- Log in
The Young Executives, a group of black business people, say they defy the stereotype of blacks making it in the corporate world and forgetting that their roots are in the community. And they offer as proof their aid to the Greater Hartford Chapter NAACP, the Community Renewal Team Food Bank and, most recently, the Urban League of Greater Hartford, for which they hosted a membership reception last Thursday.
However, the organization’s purpose is twofold, and satisfies personal as well as altruistic need. The group, as one member said, is akin to the informal cliques among white executive who share experiences and knowledge of job opportunities. The group has a core of about a dozen people, a membership of 100 and a mailing list of nearly 700 names. It was initially was formed to support State Treasurer Henry E. Parker’s successful campaign for re-election last November. Since then it has veered from the political scene, turning instead to community service.
“I have some real concerns about what’s happening in Hartford,” said Joyce Willis, a member of the group, a Hartford native and a public relations representative for the Hartford Insurance Group. “I never thought I was involved enough. To channel our energies to help is something that appeals to me.”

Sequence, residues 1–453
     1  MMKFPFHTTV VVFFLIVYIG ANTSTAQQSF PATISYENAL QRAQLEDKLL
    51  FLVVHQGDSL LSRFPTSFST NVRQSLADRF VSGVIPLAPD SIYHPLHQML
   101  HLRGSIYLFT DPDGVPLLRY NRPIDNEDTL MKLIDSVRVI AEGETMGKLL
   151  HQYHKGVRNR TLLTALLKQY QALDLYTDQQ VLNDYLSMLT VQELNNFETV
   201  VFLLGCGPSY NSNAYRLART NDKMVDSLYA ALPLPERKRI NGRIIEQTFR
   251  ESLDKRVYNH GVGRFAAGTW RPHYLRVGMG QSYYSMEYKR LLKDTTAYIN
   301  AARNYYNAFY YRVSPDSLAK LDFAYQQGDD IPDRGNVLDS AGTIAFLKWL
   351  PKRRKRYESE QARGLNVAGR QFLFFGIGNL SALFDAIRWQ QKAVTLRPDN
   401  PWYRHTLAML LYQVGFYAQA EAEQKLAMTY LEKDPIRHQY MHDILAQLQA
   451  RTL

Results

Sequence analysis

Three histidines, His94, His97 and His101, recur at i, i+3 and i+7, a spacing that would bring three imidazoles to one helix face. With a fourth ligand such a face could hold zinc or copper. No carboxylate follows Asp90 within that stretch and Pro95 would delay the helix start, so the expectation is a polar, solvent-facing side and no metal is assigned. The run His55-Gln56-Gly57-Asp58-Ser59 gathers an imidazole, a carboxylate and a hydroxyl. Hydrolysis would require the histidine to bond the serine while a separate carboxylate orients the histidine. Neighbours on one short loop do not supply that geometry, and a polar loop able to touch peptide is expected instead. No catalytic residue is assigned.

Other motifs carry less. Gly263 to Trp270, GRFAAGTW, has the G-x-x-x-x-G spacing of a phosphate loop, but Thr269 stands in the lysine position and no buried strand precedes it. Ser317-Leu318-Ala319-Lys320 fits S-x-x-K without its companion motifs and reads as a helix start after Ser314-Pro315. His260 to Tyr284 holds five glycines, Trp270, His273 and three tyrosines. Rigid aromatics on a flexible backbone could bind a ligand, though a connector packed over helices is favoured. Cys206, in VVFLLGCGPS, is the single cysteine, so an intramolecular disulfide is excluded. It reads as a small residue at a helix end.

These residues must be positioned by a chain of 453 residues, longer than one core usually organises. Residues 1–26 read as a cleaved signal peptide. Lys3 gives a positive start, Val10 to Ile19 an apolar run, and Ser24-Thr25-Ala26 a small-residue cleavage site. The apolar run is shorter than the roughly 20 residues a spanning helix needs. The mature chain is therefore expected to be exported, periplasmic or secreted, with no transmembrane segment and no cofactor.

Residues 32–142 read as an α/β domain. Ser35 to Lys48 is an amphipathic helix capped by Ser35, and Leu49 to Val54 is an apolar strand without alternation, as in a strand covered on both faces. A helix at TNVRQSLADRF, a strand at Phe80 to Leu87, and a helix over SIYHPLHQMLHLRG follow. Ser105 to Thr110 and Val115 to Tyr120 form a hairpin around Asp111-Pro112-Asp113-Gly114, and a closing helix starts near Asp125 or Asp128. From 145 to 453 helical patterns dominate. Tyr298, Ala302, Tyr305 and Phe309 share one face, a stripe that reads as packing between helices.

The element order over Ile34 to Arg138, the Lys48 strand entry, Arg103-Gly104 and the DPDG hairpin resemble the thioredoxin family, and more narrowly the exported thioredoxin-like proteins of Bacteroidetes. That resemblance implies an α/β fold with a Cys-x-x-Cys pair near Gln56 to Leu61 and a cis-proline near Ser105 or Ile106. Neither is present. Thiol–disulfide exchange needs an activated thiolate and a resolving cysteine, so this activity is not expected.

The group last May helped the NAACP through a reception that attracted hundreds of people to the Wadsworth Atheneum and bolstered its membership considerable. NAACP officials said then that the involvement of the Young Executives marked a new infusion of young talent into the organization. The Urban League reception also attracted hundreds of people. The Young Executives presented a $5,000 check to the league, representing an anticipated 1,000 tickets sold for the function. Buying a ticket entitled the purchaser to a league membership.
During both receptions, the group used individual expertise in public relations, management and finance. The group elects no officers and the duties each member performs are determined by the activity and by individual specialties. Despite the rather exclusive title, the main requirements for membership in the Young Executives are a willingness to work and the ability to “think young,” said Gerald Peterson, a marketing manager for Aetna Life and Casualty Co. Who was instrumental in forming the group.
Peterson, the “elder” of the group and a former Bloomfield councilman, said the younger members can learn from the more experienced ones. Sharing experience and skills, he said, is a purpose of the group. Lynn Rogers, another member who was active at the NAACP reception, described Peterson as “very committed to developing young people in Hartford,” and a motivating force for the executives.
The group, through the interaction of its members, serves to break the ice for executives brought in b y corporations from outside Hartford who have no roots in the city’s black community. The members say they are not only professional associates, but friends.